Discharged in 1943 because of asthma, he returned to the radio station in Phoenix. He soon moved to Los Angeles, where he did a midnight show on KNX radio. This gained him a small but enthusiastic audience. In 1950, his program was carried on the CBS network as a summer replacement for "Our Miss Brooks." He was soon invited to New York for "The Steve Allen Show," which was carried five nights a week.
In politics, Mr. Allen described himself as an advocate of "radical middle-of-the-roadism." He spoke out on such topics as capital punishment and freedom of expression. In his later years, he became a critic of the increasing sexual content on television. In a speech last year, he said talk shows had taken the medium "to a garbage dump."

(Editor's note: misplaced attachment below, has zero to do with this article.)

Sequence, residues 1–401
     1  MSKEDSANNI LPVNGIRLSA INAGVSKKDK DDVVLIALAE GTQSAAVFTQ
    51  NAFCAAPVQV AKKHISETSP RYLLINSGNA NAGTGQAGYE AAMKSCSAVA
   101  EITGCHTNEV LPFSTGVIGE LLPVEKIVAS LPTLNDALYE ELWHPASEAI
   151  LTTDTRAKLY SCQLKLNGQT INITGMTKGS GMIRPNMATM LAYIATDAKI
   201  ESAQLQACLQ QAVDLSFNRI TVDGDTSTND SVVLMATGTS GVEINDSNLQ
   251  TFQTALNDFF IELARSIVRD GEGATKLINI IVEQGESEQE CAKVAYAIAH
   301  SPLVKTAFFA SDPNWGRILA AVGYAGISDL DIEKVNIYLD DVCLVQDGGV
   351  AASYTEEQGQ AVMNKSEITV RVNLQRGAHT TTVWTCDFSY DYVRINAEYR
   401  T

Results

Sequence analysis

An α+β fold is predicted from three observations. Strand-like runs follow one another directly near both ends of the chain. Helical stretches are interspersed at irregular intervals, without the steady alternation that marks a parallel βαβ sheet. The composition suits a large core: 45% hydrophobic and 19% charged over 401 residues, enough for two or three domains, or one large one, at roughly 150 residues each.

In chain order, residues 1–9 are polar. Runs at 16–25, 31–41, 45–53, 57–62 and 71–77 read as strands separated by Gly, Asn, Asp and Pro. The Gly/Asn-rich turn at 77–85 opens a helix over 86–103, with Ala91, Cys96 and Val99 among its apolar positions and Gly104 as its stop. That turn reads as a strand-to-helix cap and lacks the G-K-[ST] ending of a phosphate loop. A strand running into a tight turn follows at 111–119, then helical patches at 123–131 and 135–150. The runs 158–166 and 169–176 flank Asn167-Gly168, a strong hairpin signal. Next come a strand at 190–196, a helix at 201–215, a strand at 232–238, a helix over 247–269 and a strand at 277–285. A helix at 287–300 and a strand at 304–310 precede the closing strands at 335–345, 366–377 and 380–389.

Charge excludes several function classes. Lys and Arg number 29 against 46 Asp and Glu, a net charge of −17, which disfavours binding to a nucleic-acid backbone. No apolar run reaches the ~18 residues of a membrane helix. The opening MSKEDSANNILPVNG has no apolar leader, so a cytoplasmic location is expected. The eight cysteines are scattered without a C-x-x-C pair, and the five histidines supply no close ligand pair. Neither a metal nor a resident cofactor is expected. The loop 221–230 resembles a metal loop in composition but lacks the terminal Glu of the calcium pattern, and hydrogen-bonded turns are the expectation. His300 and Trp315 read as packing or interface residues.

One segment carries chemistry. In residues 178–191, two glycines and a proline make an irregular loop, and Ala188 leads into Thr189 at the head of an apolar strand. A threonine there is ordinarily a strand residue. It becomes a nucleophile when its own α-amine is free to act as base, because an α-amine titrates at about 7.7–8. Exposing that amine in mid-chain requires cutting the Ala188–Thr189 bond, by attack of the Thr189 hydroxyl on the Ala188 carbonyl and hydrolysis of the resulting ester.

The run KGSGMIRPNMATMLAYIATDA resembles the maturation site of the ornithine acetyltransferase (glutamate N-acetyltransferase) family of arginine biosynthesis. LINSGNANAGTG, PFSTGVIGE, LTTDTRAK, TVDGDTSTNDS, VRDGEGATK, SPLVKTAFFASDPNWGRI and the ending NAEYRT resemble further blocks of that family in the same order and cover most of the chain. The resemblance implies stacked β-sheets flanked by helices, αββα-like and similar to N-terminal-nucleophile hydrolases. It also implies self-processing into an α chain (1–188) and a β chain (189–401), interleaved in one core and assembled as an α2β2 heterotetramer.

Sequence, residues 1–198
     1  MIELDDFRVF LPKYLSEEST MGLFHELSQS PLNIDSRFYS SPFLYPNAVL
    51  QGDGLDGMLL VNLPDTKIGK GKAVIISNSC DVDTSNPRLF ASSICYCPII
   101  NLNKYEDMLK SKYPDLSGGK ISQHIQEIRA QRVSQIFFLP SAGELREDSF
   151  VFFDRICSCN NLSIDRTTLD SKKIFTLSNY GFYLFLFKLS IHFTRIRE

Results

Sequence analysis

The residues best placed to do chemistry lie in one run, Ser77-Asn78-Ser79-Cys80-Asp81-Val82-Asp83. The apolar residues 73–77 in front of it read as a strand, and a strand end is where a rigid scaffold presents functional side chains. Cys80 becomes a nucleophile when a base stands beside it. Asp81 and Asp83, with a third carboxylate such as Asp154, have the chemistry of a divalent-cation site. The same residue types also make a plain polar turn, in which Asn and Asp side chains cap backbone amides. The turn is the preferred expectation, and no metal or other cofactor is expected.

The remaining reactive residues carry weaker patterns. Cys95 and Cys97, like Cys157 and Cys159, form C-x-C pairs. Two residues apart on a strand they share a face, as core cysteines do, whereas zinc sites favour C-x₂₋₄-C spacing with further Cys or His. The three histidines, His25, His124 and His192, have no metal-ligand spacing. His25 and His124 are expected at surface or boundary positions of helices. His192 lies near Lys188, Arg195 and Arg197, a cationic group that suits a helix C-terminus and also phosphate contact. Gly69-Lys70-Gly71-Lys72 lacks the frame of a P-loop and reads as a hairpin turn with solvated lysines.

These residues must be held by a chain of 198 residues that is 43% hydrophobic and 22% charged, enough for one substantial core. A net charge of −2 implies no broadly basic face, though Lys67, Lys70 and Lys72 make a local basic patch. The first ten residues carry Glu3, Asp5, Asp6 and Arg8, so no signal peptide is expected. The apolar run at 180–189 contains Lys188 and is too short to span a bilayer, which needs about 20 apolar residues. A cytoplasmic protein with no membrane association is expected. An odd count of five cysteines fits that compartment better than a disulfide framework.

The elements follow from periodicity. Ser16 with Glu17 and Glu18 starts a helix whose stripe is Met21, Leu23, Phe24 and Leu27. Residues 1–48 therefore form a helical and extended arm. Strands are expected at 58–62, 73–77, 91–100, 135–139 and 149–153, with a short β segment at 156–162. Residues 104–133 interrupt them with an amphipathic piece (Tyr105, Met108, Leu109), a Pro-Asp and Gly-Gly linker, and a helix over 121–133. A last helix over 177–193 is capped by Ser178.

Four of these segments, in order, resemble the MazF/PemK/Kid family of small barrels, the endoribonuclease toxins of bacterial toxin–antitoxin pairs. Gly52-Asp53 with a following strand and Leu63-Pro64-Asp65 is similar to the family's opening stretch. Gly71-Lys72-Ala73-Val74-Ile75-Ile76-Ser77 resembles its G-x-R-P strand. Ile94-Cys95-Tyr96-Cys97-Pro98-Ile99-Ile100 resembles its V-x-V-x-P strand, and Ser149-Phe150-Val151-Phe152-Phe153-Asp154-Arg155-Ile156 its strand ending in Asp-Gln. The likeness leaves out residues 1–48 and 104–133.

Mr. Allen's marriage to Dorothy Goodman ended in divorce. They had three sons, Steve Jr., David and Brian. In 1954, he married actress and comedienne Jayne Meadows, with whom he had Bill Allen.
In a recent biographical note, Mr. Allen said he thought of television as "junk food of the mind."
"Like junk food of the stomach," he continued, "it's not very harmful in itself. It's just that it's something to pass the time. This was brought to my mind during a visit to a veterans hospital during the Vietnam War. Here were these kids in those damn beds--some of them are probably still there--and what a godsend television is to people in that kind of predicament."
Staff writer Martin Weil contributed to this report.